Imagine you are a retired employee of the Government of Pakistan and planning to “rest in peace” any time soon. It may be appropriate for you to pause for a moment and reconsider your options. If you are a male, then there is a good chance that you either had a wife at some point in time or you continue to be blessed with one. It is this happy and benign looking second possibility that you must logically be most concerned about. Every such individual must understand that his departure will initiate numerous unending, agonising and bureaucratic events, that may collectively be referred to as “family tensions”. Hence a moment of profound reflection for all those three million or so individuals who retired from a government service, receive a pension and continue to be alive.
Let’s start with the basics. Your wife is entitled to be called a ‘widow’ if she meets three mandatory requirements. She is a female, you (her husband) have passed away and she has not remarried. The special theory of relativity states that if a female was legally married to an individual who was receiving a government pension on the day he departed from this worldly abode, then she is also entitled to a portion of her husband’s pension, commonly known as “Family Pension”. Apparently, the government has taken great pains, considered all possible loopholes and designed a ‘supposedly’ bullet-proof methodology for this purpose.
The grief-stricken widow must write to the government about the demise of her husband and make a request for “Family Pension”. However, this is possible only if she is willing to undertake the ordeal of creating multiple copies of uniquely irrelevant and fastidious documents. At a minimum she ought to produce photocopies, forms, documents, affidavits and legal instruments such as, (i) two copies of Form — 123456; (ii) two copies of Performa duly completed and attested showing personal marks of identification; (iii) two copies of right hand thumb and fingers impressions; (iv) two copies of three specimen signatures of widow; (v) two attested copies of your nikkahnama or an Affidavit on a stamp paper duly attested by the Oath Commissioner/Notary Public showing the date of your marriage with the deceased employee; (vi) two attested copies of the Family Registration Certificate from NADRA in respect of the above named employee showing details of his family members; (vii) two attested copies of the death certificate of employee issued by NADRA; (viii) two attested original copies of Option Form for Direct Credit System duly verified by the bank; (ix) two attested photocopies of Indemnity Bond on a Rs50 judicial paper; (x) two attested original copies of life certificate; (xi) four attested passport size photographs and (xii) four attested copies of the widow’s CNIC.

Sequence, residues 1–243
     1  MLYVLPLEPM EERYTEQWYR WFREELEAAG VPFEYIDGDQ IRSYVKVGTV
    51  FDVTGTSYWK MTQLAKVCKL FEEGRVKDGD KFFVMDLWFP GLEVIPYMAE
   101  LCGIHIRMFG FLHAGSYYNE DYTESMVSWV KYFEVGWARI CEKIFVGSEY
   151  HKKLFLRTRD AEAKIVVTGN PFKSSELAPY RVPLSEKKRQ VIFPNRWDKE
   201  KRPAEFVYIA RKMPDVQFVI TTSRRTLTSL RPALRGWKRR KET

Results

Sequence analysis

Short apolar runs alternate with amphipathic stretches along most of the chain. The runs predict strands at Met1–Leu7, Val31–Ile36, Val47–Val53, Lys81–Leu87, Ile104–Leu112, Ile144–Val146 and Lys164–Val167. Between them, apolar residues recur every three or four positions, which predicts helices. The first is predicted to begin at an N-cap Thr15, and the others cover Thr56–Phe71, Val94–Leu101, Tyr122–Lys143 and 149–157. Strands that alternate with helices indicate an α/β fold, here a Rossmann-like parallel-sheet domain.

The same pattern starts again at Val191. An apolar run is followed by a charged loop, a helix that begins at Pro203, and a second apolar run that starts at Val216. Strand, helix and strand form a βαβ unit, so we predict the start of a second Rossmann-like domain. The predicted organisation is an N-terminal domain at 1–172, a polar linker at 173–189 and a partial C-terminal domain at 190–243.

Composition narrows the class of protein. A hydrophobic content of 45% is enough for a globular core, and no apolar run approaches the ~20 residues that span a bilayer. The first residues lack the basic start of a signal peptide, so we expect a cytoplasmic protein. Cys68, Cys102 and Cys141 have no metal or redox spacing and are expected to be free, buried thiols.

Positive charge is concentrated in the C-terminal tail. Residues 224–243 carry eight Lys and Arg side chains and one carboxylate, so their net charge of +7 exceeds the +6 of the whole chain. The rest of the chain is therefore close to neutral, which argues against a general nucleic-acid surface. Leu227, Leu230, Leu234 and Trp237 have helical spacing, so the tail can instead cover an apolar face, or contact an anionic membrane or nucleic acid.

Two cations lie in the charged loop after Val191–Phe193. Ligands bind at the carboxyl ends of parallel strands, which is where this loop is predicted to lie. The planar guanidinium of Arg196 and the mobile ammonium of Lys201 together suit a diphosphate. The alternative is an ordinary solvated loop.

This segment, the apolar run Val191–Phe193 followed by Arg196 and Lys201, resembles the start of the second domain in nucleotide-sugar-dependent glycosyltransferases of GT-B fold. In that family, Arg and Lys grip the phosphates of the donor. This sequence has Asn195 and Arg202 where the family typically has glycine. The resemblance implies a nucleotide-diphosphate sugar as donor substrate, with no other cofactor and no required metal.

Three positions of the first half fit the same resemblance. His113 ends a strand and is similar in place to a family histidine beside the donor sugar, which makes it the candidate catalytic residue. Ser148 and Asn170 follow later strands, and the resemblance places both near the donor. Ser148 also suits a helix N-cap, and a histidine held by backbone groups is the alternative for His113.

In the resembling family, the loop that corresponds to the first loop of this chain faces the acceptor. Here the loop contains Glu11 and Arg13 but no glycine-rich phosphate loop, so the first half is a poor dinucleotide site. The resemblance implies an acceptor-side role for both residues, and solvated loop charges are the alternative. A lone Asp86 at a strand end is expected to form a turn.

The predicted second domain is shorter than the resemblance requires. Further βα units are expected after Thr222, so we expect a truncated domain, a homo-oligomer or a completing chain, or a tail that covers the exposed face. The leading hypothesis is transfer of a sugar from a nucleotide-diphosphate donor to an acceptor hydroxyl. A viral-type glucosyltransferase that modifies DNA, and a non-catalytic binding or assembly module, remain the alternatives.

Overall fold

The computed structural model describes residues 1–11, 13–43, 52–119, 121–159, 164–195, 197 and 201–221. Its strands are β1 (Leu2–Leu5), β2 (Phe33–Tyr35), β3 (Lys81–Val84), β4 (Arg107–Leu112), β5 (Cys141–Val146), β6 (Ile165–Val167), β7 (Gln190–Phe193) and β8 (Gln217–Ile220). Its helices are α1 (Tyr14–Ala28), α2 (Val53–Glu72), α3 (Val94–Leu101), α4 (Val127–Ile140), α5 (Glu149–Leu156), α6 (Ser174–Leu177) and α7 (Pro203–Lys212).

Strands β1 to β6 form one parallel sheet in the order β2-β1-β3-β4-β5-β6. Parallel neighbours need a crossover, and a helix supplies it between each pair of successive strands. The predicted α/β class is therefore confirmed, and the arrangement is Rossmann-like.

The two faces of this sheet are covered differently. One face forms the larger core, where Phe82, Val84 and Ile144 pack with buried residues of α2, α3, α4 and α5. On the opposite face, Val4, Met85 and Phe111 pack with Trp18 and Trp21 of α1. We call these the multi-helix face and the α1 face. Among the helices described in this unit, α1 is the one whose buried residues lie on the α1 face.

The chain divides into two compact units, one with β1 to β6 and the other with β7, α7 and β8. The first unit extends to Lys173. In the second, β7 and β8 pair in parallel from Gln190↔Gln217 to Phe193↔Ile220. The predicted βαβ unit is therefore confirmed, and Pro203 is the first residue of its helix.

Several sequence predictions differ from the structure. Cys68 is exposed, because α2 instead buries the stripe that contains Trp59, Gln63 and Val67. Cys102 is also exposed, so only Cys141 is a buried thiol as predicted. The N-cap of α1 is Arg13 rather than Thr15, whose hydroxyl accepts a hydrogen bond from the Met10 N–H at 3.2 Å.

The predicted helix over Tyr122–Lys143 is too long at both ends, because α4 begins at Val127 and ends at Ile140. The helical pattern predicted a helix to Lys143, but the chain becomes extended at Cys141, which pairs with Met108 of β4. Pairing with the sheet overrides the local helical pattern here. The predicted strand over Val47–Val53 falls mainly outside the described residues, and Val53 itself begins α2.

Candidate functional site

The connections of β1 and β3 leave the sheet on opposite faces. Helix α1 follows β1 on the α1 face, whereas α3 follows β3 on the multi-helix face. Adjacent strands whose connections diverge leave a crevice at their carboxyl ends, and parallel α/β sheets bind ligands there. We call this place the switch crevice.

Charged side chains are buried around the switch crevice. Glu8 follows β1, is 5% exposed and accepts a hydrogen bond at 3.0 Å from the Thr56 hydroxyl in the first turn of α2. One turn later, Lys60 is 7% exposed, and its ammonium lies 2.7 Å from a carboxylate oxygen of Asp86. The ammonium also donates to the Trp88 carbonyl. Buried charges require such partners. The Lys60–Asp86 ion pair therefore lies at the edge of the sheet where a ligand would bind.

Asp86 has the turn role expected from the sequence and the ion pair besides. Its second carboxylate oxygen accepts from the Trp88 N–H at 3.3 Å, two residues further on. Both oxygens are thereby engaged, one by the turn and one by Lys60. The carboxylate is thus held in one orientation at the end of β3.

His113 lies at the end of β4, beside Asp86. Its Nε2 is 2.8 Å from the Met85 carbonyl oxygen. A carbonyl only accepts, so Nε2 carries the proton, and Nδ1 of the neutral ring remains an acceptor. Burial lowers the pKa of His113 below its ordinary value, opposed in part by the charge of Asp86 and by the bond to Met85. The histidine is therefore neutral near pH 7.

How come it never occurs to our dysfunctional bureaucracy that the entire information asked for in the twelve commandments listed above, is either already available in NADRA’s family tree records or is completely superfluous. If the government was only to set aside its East India Company colonial mentality, it could easily specify just one requirement. “Get the employee’s death certificate registered with NADRA and send us a revised Family Registration Certificate (by marriage).”
Clearly the government is moved by a huge desire to look busy and create voluminous ‘forest depleting’ folders. Little does it realise that by continually raising the degree of difficulty with the same life-expired techniques, it is only creating greater possibilities for forgery and fraud. An employee could send his NADRA-issued Family Registration Certificate at the time of retirement and the widow could send one after his demise. Why can we not follow the Estonian model that requires “no information to be given to any department of the government if it has once been given to any other government department”?